09 July 2020
First polio case confirmed in Iraq
Published online 15 April 2014
A polio case has been identified in Iraq, the latest country in the region to confirm an instance of the virus since it broke out in war-torn Syria and spread across the region.
© ZUMA Press, Inc. / Alamy The World Health Organisation (WHO) has confirmed that a six-month-old unvaccinated boy from Baghdad has contracted polio – the first case of the virus in the country since 2000.
The baby, from Rusafa in northern Baghdad, developed paralysis on 10 February. Genetic sequencing indicates the virus with which he was infected was most closely related to the original one in Syria.
A polio vaccination campaign began in Iraq on 6 April,– the first nationwide campaign since the Ministry of Health confirmed the Rusafa case – the seventh such campaign launched in Iraq since the polio outbreak in Syria five months ago. The WHO estimated that in 2012, routine polio immunisation rates in Iraq were at 70%.
"The recent detection of a polio case in Iraq after a 14-year absence is a reminder of the risk currently facing children throughout the region," says Maria Calivis, UNICEF regional director for the Middle East and North Africa. "It is now even more imperative to boost routine immunisations to reach every child multiple times and do whatever we can to vaccinate children we could not reach in previous rounds," she adds.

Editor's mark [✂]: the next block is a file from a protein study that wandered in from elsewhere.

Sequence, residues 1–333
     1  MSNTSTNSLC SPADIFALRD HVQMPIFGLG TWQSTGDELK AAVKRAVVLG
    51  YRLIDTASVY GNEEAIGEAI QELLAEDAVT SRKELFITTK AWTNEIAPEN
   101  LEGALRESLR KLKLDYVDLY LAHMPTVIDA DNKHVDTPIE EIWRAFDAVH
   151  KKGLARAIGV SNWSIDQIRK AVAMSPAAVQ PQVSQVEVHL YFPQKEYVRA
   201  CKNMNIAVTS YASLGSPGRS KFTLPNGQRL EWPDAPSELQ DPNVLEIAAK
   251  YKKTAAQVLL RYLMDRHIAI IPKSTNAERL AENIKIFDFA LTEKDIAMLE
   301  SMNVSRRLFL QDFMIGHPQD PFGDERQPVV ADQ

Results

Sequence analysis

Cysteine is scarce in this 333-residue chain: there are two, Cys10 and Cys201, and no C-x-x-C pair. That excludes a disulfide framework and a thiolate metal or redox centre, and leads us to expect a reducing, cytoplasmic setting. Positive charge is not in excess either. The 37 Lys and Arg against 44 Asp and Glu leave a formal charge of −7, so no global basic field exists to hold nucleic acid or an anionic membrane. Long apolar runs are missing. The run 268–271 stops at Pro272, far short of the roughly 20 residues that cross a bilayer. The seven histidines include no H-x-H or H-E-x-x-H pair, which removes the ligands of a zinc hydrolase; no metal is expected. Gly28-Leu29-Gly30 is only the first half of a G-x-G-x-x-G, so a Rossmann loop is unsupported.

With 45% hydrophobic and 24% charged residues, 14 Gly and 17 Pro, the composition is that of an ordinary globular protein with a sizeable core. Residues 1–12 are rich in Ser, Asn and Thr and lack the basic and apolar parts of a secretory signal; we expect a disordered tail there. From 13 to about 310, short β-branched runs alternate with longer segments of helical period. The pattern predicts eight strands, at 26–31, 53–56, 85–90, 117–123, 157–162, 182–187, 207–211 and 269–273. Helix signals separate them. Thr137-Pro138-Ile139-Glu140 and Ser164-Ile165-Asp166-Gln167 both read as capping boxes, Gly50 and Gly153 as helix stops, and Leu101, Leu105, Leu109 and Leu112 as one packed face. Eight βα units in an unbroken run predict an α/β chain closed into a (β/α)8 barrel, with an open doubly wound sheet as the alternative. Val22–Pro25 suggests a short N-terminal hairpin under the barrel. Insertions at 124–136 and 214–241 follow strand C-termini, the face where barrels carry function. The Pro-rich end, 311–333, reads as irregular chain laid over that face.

Oliver Rosenbauer, a spokesman for the WHO, echoed Calivis's concerns. "Polio can travel great distances and re-infect in areas that are polio-free. Iraq has been conducting immunisation campaigns of pretty good quality yet this virus managed to find the unimmunized."
There were also recent concerns that a child in Lebanon had contracted the virus after it tested positive for acute flaccid paralysis (AFP). Although the child tested negative for polio, the country still remains at risk of re-infection, says Rosenbauer.
Since October last year, 25 polio vaccination campaigns have been completed in the region as part of the largest programme in the Middle East's history. UNICEF said that the numbers of children being vaccinated in each round was rising.
Health organisations were still missing children fleeing the violence in Syria or those living under siege or in areas of heavy conflict, warns Juliette Touma UNICEF's regional spokesperson. "Access to children not reached is a must. This is the only way to defeat polio," Touma says.
Annie Sparrow, a US-based paediatrician and polio specialist, described the outbreak as "the most challenging" in the history of polio eradication. Sparrow said that for every confirmed victim, there are at least 200 people or possibly up to 1000 carrying and spreading the virus. The WHO has so far confirmed 37 cases of polio in Syria alone.